# Minimax Search and the Structure of Cognition!

(This is a blog post adaptation of a talk I gave at !!Con West 2019!)

It all started at my old dayjob, where some of my coworkers had an office chess game going. I wanted to participate and be part of the team, but I didn't want to invest the effort in actually learning how to play chess well. So, I did what any programmer would do and wrote a chess engine to do it for me.

(Actually, I felt like writing a chess engine was too much of a cliché, so I decided that my program was an AI for a game that happens to be exactly like chess, except that everything has different names.)

My program wasn't actually terribly good, but I learned a lot about how to think, for the same reason that building a submarine in your garage in a great way to learn how to swim.

Consider a two-player board game like chess—or tic-tac-toe, Reversi, or indeed, any two-player, zero-sum, perfect information game. Suppose we know how to calculate how "good" a particular board position is for a player—in chess, this is traditionally done by assigning a point value to each type of piece and totaling up the point values of remaining pieces for each player. Continue reading

# Group Theory for Wellness I

(Part of Math and Wellness Month.)

Groups! A group is a set with an associative binary operation such that there exists an identity element and inverse elements! And my favorite thing about groups is that all the time that you spend thinking about groups, is time that you're not thinking about pain, betrayal, politics, or moral uncertainty!

Groups have subgroups, which you can totally guess just from the name are subsets of the group that themselves satisfy the group axioms!

The order of a finite group is its number of elements, but this is not to be confused with the order of an element of a group, which is the smallest integer such that the element raised to that power equals the identity! Both senses of "order" are indicated with vertical bars like an absolute value (|G|, |a|).

Lagrange proved that the order of a subgroup divides the order of the group of which it is a subgroup! History remains ignorant of how often Lagrange cried.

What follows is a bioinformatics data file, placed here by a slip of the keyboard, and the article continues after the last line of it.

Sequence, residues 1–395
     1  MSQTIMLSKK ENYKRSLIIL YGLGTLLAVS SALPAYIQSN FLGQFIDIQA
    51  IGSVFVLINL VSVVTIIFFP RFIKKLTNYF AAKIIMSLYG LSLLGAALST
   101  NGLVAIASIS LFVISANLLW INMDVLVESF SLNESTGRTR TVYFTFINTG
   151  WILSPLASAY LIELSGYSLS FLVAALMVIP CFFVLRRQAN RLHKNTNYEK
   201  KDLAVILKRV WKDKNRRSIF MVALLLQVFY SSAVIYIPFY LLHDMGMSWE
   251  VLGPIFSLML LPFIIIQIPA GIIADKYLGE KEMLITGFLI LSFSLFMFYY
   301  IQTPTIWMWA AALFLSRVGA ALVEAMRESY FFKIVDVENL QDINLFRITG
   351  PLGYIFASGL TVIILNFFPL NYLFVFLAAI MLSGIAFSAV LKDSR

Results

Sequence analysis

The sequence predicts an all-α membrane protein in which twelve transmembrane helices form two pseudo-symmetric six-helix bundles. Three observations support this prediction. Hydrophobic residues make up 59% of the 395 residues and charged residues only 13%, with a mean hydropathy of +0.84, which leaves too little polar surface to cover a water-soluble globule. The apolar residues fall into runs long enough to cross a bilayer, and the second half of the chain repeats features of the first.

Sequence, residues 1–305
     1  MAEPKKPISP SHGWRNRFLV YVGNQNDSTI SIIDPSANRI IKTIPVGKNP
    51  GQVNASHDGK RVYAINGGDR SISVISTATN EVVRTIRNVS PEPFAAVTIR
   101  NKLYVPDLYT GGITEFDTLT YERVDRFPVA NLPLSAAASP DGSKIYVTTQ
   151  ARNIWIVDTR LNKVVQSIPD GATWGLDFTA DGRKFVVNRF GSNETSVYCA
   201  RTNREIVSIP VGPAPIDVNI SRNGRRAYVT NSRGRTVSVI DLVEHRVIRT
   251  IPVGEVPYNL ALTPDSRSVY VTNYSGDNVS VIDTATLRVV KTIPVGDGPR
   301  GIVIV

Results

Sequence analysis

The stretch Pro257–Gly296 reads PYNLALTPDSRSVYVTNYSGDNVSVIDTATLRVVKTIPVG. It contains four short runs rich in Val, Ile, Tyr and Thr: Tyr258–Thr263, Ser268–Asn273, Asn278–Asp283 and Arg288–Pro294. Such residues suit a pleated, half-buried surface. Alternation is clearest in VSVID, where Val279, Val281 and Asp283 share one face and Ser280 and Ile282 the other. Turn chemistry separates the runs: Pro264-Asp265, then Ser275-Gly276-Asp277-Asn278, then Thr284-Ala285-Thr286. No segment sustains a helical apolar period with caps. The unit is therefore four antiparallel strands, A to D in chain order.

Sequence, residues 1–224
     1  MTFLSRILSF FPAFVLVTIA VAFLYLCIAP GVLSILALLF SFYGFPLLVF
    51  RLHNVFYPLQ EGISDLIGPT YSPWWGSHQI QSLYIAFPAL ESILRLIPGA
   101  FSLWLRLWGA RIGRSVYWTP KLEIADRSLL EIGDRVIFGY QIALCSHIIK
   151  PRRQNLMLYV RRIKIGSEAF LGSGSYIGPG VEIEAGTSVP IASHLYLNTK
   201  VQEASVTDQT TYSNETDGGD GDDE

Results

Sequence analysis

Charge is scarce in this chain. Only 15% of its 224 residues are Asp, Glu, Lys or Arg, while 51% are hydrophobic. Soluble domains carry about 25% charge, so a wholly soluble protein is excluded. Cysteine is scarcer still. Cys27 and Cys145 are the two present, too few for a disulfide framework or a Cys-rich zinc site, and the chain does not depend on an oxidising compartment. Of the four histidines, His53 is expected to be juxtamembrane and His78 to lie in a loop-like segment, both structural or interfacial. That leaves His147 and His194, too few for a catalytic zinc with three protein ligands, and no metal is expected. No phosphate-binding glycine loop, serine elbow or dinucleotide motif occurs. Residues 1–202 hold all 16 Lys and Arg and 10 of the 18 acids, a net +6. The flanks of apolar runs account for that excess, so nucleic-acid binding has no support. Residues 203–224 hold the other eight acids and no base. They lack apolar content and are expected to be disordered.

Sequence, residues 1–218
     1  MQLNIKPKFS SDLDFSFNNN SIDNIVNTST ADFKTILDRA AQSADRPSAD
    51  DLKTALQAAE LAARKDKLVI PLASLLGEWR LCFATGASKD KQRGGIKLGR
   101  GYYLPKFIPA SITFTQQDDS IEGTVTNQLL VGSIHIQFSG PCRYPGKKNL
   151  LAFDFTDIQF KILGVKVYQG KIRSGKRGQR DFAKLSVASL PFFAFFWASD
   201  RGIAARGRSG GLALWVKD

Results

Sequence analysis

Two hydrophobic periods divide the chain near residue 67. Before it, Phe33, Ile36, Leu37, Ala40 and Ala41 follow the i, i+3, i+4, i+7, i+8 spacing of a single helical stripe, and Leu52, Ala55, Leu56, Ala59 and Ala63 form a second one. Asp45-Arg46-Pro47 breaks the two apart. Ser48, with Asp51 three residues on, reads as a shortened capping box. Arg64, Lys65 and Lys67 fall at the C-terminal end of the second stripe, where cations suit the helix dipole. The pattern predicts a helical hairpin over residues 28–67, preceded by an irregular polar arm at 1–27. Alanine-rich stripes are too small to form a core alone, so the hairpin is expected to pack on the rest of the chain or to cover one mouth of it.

To show that a nonempty subset H of a group is in fact a subgroup, it suffices to show that if x, yH, then xy⁻¹ ∈ H.

Exercise #6 in §2.1 of Dummit and Foote Abstract Algebra (3rd ed'n) asks us to prove that if G is a commutative ("abelian") group, then the torsion subgroup {gG | |g| < ∞} is in fact a subgroup. I argue as follows: we need to show that if x and y have finite order, then so does xy⁻¹, that is, that (xy⁻¹)^n equals the identity. But (xy⁻¹)^n equals (xy⁻¹)(xy⁻¹)...(xy⁻¹), "n times"—that is, pretend n ≥ 3, and pretend that instead of "..." I wrote zero or more extra copies of "(xy⁻¹)" so that the expression has n factors. (I usually dislike it when authors use ellipsis notation, which feels so icky and informal compared to a nice Π or Σ, but let me have this one.) Because group operations are associative, we can drop the parens to get xy⁻¹ xy⁻¹ ... xy⁻¹. And because we said the group was commutative, we can reörder the factors to get xxx...y⁻¹y⁻¹y⁻¹, and then we can consolidate into powers to get x^n y^(−n)—but that's the identity if n is the least common multiple of |x| and |y|, which means that xy⁻¹ has finite order, which is what I've been trying to tell you this entire time.

# Forgive or Forget ("Or", Not "And"): A Trade-Off in Wellness Engineering

Forgiveness is an important input into Wellness, but contrary to popular belief, Forgiveness is incompatible with Forgetting. You can't just Forgive in general, you have to Forgive some specific sin in particular—but a vague description of a particular sin still corresponds to a vast space of possible sins matching that vague description.